Verse 11

11. Prevented me First given to me. Tyndale’s rendering will express the idea: “Or who hathe given me anye thinge afore hand, that I am bounde to reward him agayne.” Comp. Job 34:13; Isaiah 40:13-15; and Romans 11:35-36. The lengthened description of leviathan is interrupted, that Job may be again reminded of its moral import — that God is governor; that his dominion is world wide, because all belongs to him: that he is under no obligations to his creatures on account of favours received; therefore, if he give, it must be exclusively of grace. “This digression in Jehovah’s speech does not disturb the harmony of the passage. It is an agreeable change, after the long description of the sea monster.” — Umbreit.


Verse 12

β — The divine Speaker resumes the description of leviathan, in order that he may dwell more at large upon the artistic skill and the esthetic wisdom displayed in the making of a reptile whose eyes, mouth, nostrils and breath are a source of terror: and show that even so insignificant a thing as his garment has been exquisitely elaborated, so as to serve the twofold object of covering and martial defence, Job 41:12-22.

12. Conceal his parts — Hebrews, baddim; pass in silence his members. Same as in Job 18:13. See note. The divine Being has thus far spoken of the invincibility of leviathan; he will now speak of his bodily structure and mode of life.

Nor his power — Literally, and the word of powers. דבר, word, Vaihinger understands to mean “fame;” Delitzsch, “proportion.”


Verse 13

13. Who can discover — Rather, uncover, in the sense of lift up, as one would a veil, his outside garment; his closely wrought and scaly coat of mail. The text beautifully calls it his “garment” — לבושׁ— a description of which is given at large, Job 41:15-17. The double bridle — Literally, the double of his bridle, is here used figuratively for the jaws, each of which contained a double row of teeth, numbering, in the upper jaw, as many as thirty-six, and in the lower, thirty; and as they were uncovered by the lip, presenting a frightful appearance. Into his double jaws, who enters?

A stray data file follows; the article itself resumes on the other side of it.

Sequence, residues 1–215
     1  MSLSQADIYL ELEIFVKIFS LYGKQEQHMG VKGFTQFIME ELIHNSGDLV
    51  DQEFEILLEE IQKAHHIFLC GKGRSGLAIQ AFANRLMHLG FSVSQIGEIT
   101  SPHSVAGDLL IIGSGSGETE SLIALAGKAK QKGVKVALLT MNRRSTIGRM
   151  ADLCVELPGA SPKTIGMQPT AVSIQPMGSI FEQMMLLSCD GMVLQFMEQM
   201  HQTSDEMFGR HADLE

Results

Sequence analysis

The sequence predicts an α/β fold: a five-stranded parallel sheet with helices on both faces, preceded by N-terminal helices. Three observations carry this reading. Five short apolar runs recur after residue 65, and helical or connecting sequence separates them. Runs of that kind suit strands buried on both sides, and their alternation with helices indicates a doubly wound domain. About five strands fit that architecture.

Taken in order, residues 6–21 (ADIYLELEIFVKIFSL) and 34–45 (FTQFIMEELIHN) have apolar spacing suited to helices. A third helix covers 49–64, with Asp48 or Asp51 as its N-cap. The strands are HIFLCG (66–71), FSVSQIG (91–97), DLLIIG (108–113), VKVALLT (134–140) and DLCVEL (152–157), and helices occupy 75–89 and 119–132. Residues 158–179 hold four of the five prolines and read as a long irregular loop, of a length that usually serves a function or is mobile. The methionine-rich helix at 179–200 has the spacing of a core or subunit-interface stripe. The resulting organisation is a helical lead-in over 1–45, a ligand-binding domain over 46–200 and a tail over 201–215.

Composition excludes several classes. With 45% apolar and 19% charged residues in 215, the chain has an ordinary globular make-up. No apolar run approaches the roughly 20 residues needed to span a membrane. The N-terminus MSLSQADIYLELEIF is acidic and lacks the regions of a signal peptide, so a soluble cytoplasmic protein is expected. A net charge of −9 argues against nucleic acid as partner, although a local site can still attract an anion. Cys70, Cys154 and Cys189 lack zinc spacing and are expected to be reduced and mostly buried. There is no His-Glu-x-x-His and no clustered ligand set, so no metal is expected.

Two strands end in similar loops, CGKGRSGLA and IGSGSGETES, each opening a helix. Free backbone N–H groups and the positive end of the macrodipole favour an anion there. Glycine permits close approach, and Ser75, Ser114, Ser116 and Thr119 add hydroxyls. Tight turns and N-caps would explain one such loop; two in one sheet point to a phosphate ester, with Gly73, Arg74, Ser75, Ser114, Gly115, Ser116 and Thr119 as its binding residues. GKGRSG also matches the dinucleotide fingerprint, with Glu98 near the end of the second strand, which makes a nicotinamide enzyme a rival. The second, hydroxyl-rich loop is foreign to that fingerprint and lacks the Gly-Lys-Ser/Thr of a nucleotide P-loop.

Verse 14

14. The doors of his face — His mighty jaws, which extend back of his eyes and ears. Martial (iii, 90) jests over a large mouth, and compares it to that of the crocodile of the Nile.

His teeth… terrible — Literally, Round about his teeth is terror: within his teeth terror takes up its abode. The lofty conception of the speaker which clothed the war horse with thunder, (Job 39:19,) now finds within the ugly jaws of leviathan the dwelling place of terror.


Verse 15

15. Scales — Literally, strong shields, (Rosenmuller, Furst;) or, according to others, (Delitzsch, Hitzig,) furrows of the shields. Tristram observes that the whole head, back, and tail are covered with quadrangular horny plates or scales, which not only protect the body, so that a rifle ball glances from them as from a rock, but also serve as ballast, enabling the creature to sink rapidly on being disturbed, by merely expelling the air from its lungs.

Shut up together… a close seal — Each shield fits as closely as the seal to the clay; nay, more closely, as the next verse shows, for no air can penetrate nature’s work; it is airtight. (See note on Job 38:14.)


Verse 16

16. No air Rouahh, used in an active sense for air in motion, and poetically rendered by Scott, “no breath of wind.”


Verse 17

17. Joined one to another — The beauty of the original is lost. Literally, This holds fast to that, (Hitzig,) or “each to its fellow (literally, brother) is firmly attached.”

They stick together — The same word in Job 38:30, was used of the formation of ice.


Verse 18

18. By his neesings a light doth shine — Rather, His sneezings flash forth light. “This delicate observation of nature is here compressed into three words; in this concentration of whole grand thoughts and pictures we recognise the older poet.” — Delitzsch. This animal, as travellers have remarked from the days of Herodotus to the present, delights to he on the sandbank, turning his open jaws to the sun — an act which naturally gives rise to sneezing. The sun’s light, shining through the abundant spray thrown from the nostrils, produces a striking luminous appearance. A like delicate observation of the hippopotamus is made by Dr. Schweinfurth, an African traveller: “In the sunlight the fine spray emitted from their nostrils gleamed like a ray of light.” — Heart of Africa, 2:315. The Jews, according to Buxtorf, (col. 1599,) connect with this text a notion that sneezing saves life by the light which it gives. In keeping with this conceit, the Jews, says Chappelow, when any one sneezes, say: “A happy life to thee.”

The eyelids of the morning — (See Job 3:9.) The Egyptian made the flashing, cat-like eyes of this animal the symbol of the morning. A passage from Horus-Apollos, who wrote on hieroglyphs about 500 A.D., furnishes a remarkable illustration: “To describe the dawn, the Egyptians depict two eyes of a crocodile, inasmuch as the eyes make their appearance out of the deep before its entire body.”


Verse 19

19. Burning lamps Flames better expresses the root idea of the Hebrew lappidh, and it is the rendering of Gesenius. A forcible figure for the burning, fiery breath.


Verse 20

20. A…